Overall this leads to a roughly uniform distribution of eclipses, with a small bias towards the summer for total eclipses where the Sun appears smaller today, and a small bias towards the winter for partial eclipses. The position of the perihelion relative to the seasons has a period of ~23,000 years, or just 1.5 days per century, too small to be notable over a human lifetime.

    By the way: If you want to be as close to the Sun as possible, 2020 is your opportunity. Kilimanjaro or maybe some place in the Indian ocean, 5th of January around 8 am GMT. The closest perihelion this century.
    If you want to be as far away as possible: 4th of July 2019, around 8 am GMT, probably somewhere south-east of Hawaii.
  7. Aug 16, 2017 #227
    my local weather forecast (Washington DC) says partly sunny on 8/21 eclipses day, will keep finger crossed
  8. Aug 16, 2017 #228


    User Avatar
    Gold Member



    Upper right hand image link.


    ...for the rest of the nation. Lot's more black! Less traffic for me!

    Today is the first time in 5 days we have not been overcast in the hours before 1 pm.
    (The only time I can do solar PV experiments.)
    [expletives deleted] trees........
  9. Aug 16, 2017 #229
    Relax guys! It will be seen getting dark anyway! ... during the day, which is the amazing part. No clouds can do that.
  10. Aug 16, 2017 #230


    User Avatar
    Staff Emeritus
    Science Advisor
    Gold Member

    I've already experienced that once, in '79. This time I hope to actually see more.
  11. Aug 16, 2017 #231
    I sure hope so too! Seeing the Sun's corona during totality is of course amazing and unique! It's also a big opportunity to study better and more effectively the sun's activity during that time (e.g. flares etc.) ...

    But if clouds get on the way ... at least we ought to see the "bright side" of daytime darkness! ... Or a video from high altitude totality, or different location. [Personly, I consider nice videos equally as spectacular! ...]

    I guess we'll find out in a few days.
    Last edited: Aug 16, 2017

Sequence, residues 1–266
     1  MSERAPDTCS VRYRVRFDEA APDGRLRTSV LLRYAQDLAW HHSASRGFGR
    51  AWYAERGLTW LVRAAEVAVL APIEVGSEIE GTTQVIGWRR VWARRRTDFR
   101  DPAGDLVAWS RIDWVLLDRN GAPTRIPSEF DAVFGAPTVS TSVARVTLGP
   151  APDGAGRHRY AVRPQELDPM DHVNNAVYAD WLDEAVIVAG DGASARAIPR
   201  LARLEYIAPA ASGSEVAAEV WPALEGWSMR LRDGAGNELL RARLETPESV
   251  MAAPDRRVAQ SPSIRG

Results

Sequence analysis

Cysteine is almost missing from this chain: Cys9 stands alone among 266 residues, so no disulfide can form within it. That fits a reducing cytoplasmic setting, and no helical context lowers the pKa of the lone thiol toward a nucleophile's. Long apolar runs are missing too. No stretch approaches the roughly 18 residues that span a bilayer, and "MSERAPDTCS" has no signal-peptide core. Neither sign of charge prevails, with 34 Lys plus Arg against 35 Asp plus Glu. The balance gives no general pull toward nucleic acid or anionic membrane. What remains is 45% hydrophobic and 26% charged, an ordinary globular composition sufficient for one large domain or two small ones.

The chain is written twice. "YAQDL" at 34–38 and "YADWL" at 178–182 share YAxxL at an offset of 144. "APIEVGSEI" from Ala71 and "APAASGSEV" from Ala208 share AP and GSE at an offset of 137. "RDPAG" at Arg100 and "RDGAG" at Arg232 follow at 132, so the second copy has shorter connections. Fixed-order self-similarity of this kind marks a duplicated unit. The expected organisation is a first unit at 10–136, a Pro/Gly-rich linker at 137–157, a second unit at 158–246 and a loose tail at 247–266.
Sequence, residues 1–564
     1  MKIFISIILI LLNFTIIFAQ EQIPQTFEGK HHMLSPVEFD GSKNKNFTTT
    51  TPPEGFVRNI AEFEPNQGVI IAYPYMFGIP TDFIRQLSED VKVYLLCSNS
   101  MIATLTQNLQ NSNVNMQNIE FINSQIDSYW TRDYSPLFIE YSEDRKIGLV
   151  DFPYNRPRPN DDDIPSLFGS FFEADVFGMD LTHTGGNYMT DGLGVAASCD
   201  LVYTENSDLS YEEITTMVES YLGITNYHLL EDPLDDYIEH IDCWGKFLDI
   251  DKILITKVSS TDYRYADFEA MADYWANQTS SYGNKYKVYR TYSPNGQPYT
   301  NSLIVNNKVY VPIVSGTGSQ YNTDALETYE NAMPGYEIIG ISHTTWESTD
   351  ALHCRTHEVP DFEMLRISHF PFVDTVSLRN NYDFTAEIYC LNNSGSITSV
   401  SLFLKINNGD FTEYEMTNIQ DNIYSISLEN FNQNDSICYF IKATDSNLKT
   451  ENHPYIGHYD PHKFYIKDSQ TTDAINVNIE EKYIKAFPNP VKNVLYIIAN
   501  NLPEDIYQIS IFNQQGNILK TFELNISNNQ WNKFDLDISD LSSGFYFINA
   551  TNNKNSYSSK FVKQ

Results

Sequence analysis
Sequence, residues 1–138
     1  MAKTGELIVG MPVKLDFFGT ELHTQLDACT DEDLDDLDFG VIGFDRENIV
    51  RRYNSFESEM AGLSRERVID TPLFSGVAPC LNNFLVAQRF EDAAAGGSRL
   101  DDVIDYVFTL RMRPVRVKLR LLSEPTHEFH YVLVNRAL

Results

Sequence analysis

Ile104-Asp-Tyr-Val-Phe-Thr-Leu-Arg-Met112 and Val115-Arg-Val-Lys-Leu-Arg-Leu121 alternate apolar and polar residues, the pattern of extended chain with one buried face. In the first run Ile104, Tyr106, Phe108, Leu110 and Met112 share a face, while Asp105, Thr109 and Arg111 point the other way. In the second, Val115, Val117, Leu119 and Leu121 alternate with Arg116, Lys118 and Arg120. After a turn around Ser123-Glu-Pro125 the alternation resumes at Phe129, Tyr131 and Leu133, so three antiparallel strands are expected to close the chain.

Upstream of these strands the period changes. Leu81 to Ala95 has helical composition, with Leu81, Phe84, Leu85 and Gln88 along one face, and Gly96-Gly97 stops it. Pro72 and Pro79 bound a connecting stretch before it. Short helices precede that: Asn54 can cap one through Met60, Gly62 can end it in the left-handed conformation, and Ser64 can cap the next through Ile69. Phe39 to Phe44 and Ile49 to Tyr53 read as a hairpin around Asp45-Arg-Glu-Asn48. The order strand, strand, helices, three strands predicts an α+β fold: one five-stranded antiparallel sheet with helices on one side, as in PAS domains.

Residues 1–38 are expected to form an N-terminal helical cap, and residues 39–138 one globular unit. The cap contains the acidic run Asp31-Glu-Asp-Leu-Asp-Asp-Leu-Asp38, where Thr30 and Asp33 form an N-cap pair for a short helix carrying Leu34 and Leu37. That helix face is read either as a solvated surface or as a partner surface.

12. Aug 16, 2017 #232
    Will direct sun damage camera lenses?
  13. Aug 16, 2017 #233
    I think, during totality, no.
  14. Aug 16, 2017 #234
    What about before? Especially concerning a GoPro.
  15. Aug 16, 2017 #235
    I don't think that should be a problem either, as long as you limit appropriately the exposure time (don't keep it too long).
    However, let's wait for more responses to your question (from more people), because I am not a cameras expert.
    [I recall taking short exposure pictures of direct sun at different times and with different types of cameras (even a video) with no problem at all ... just there's not much to see on a bright sun. But on the eclipse it would still be interesting.]
    Last edited: Aug 16, 2017
  16. Aug 16, 2017 #236


    User Avatar

    Staff: Mentor

    Yes, it will almost certainly damage the camera without the appropriate filter
  17. Aug 16, 2017 #237


    User Avatar

    Staff: Mentor

    A Go-pro, like many modern digital cameras, especially video cameras, doesn't have an active shutter. Exposure is controlled electronically. So this logic will not save the camera.

    Also, a go-pro without a giant lens attached is too low of a magnification to see the eclipse anyway.

    I expect an awful lot of people are going to destroy their cameras on Monday.

    When I was in high school for the 1994 eclipse, I successfully took a photo with a film camera and no filter. The focal length was 900mm and if I remember correctly I traced and cut out a dime on my lens cap, for a focal ratio around 50.
  18. Aug 16, 2017 #238
    Even with short exposure time?
  19. Aug 16, 2017 #239


    User Avatar

    Staff: Mentor

    Not sure if you saw my last post after posting this, but; No shutter = infinite exposure time

    [Edit] And even on my SLR, with shutter, I'd be worried about melting the shutter.
  20. Aug 16, 2017 #240
    We posted ~simultaneously. Ok I get it now. I think you're right.
Share this great discussion with others via Reddit, Google+, Twitter, or Facebook

Have something to add?